Full Posts

Bloglines Subscribe in Bloglines
Newsgator Subscribe in NewsGator Online
Google Add to Google
netvibes Add to Netvibes


ESAblawg is an educational effort by Keith W. Rizzardi. Correspondence with this site does not create a lawyer-client relationship. Photos or links may be copyrighted (but used with permission, or as fair use). ESA blawg is published with a Creative Commons License.

Creative Commons License

florida gators... never threatened!

If you ain't a Gator, you should be! Alligators (and endangered crocs) are important indicator species atop their food chains, with sensitivity to pollution and pesticides akin to humans. See ESA blawg. Gator blood could be our pharmaceutical future, too. See ESA musing.


Follow the truth.

"This institution will be based on the illimitable freedom of the human mind. For here we are not afraid to follow truth wherever it may lead, nor to tolerate any error so long as reason is left free to combat it." -- Thomas Jefferson to William Roscoe, December 27, 1820.


Thanks, Kevin.

KEVIN S. PETTITT helped found this blawg. A D.C.-based IT consultant specializing in Lotus Notes & Domino, he also maintains Lotus Guru blog.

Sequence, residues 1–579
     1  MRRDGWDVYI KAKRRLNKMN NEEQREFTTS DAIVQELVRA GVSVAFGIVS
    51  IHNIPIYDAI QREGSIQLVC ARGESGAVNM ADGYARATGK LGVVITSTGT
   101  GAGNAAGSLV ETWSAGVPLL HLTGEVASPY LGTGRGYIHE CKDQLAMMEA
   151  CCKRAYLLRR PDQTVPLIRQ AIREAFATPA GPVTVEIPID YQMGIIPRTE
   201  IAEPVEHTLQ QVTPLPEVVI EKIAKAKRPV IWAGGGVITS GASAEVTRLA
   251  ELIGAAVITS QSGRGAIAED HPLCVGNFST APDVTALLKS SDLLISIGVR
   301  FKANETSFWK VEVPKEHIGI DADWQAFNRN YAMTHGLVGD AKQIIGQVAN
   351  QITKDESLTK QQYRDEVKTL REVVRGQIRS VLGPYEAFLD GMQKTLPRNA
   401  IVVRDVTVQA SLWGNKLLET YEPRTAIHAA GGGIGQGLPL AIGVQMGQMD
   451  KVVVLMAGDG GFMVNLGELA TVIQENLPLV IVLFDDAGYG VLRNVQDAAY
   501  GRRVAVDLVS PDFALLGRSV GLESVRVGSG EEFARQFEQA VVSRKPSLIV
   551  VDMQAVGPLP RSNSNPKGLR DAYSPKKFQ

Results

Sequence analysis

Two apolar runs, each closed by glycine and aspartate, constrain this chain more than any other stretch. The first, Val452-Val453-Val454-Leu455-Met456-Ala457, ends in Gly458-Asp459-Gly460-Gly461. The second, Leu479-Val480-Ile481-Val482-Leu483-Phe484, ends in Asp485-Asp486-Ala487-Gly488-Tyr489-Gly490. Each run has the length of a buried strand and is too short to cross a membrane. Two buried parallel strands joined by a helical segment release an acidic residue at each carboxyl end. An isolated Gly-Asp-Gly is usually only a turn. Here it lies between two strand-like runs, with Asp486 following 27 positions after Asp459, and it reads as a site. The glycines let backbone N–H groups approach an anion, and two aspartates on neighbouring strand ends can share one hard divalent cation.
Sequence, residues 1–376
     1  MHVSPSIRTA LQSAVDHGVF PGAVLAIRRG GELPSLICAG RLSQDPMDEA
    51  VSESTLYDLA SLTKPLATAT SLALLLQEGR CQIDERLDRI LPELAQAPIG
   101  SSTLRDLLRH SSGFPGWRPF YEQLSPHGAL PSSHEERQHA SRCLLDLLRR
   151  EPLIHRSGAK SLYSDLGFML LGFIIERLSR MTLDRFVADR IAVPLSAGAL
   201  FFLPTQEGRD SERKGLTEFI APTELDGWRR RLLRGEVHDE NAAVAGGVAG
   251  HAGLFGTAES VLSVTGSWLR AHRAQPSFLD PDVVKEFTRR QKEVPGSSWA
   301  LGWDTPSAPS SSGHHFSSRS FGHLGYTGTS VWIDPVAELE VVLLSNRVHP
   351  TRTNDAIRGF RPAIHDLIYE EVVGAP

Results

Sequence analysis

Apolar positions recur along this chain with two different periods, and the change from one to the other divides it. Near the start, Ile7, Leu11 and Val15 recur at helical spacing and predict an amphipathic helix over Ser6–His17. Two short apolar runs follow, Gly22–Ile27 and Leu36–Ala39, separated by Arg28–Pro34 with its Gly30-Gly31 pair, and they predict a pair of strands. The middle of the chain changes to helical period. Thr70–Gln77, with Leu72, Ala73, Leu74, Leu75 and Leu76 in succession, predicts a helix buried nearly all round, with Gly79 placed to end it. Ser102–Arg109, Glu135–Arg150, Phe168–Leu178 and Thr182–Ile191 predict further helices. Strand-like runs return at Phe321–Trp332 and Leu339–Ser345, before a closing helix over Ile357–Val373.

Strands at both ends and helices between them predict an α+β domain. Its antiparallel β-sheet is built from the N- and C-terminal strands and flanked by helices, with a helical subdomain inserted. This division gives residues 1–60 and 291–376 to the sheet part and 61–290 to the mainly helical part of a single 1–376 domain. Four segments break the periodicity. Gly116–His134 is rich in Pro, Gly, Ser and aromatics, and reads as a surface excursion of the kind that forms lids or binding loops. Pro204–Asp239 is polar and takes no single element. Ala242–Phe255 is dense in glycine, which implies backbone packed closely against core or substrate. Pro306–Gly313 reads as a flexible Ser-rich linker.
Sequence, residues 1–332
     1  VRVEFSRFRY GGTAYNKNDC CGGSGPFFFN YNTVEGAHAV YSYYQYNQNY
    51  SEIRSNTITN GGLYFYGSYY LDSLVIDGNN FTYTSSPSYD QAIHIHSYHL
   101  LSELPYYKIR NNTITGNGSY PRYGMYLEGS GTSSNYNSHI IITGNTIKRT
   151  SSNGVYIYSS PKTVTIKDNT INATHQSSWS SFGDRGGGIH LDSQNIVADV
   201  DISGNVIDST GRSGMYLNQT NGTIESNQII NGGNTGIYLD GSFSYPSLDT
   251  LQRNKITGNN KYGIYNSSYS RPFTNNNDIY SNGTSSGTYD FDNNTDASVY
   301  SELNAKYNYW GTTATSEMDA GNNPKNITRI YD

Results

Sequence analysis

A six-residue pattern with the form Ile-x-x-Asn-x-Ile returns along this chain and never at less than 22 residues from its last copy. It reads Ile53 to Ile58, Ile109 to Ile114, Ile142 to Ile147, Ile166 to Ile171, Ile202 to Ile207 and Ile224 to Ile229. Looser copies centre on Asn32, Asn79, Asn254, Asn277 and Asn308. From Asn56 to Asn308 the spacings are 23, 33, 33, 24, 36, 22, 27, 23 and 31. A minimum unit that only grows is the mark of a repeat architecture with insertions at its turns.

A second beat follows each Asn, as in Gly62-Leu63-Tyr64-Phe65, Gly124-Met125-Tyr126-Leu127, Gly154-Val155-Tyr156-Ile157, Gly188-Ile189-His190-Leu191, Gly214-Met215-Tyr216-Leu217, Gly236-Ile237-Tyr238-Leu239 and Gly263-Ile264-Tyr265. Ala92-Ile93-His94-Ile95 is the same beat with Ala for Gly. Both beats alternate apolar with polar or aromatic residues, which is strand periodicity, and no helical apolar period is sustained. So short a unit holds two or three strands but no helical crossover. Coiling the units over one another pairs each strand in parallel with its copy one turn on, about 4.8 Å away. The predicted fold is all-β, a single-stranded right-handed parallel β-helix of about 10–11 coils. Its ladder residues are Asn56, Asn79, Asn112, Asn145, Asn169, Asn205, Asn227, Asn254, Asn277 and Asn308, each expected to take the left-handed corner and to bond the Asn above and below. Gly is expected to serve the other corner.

« No Dodo! Welcome to ESA blawg. | Main| Cave bugs: found today, threatened tomorrow? »

Do whales say thank you?

Bookmark :  Technorati  Digg This  Add To Furl  Add To YahooMyWeb  Add To Reddit  Add To NewsVine 

This story from the archives...

A humpback whale story about human interactions suggested that whales can, in essence, say thank you.  See the front page of the San Francisco Chronicle (December 14, 2005) Click here for original story.
Image from NOAA, available at


Excerpt from the article...

A humpback whale freed by divers from a tangle of crab trap lines near the Farallon Islands nudged its rescuers and flapped around in what marine experts said was a rare and remarkable encounter. "It felt to me like it was thanking us, knowing that it was free and that we had helped it," James Moskito, one of the rescue divers, said Tuesday. "It stopped about a foot away from me, pushed me around a little bit and had some fun."


I am certain Mr. Moskito genuinely believes this. And science cannot say it to be true or untrue. Do whales really say thank you? Maybe. But then again, consider the awful fate of Timothy Treadwell, the "Grizzly Man", attacked and eaten in the Alaskan wilderness by the bear(s) he loved -- and that he thought loved him... click here for more on the Grizzly Man

So the question seems to be: are whales smarter, or at least friendlier, than bears?